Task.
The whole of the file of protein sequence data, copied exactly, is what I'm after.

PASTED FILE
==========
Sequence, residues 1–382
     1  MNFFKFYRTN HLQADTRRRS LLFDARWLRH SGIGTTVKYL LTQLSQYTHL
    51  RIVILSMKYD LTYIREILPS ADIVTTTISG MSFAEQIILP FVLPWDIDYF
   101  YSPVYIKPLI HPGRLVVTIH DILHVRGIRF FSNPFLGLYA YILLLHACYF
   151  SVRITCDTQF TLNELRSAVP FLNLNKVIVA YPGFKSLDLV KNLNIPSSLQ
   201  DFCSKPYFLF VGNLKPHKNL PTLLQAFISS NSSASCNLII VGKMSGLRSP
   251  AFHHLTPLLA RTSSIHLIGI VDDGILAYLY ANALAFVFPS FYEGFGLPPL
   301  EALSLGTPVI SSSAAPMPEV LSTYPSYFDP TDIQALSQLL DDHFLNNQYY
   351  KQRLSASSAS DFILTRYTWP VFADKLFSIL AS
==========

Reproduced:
Sequence, residues 1–382
     1  MNFFKFYRTN HLQADTRRRS LLFDARWLRH SGIGTTVKYL LTQLSQYTHL
    51  RIVILSMKYD LTYIREILPS ADIVTTTISG MSFAEQIILP FVLPWDIDYF
   101  YSPVYIKPLI HPGRLVVTIH DILHVRGIRF FSNPFLGLYA YILLLHACYF
   151  SVRITCDTQF TLNELRSAVP FLNLNKVIVA YPGFKSLDLV KNLNIPSSLQ
   201  DFCSKPYFLF VGNLKPHKNL PTLLQAFISS NSSASCNLII VGKMSGLRSP
   251  AFHHLTPLLA RTSSIHLIGI VDDGILAYLY ANALAFVFPS FYEGFGLPPL
   301  EALSLGTPVI SSSAAPMPEV LSTYPSYFDP TDIQALSQLL DDHFLNNQYY
   351  KQRLSASSAS DFILTRYTWP VFADKLFSIL AS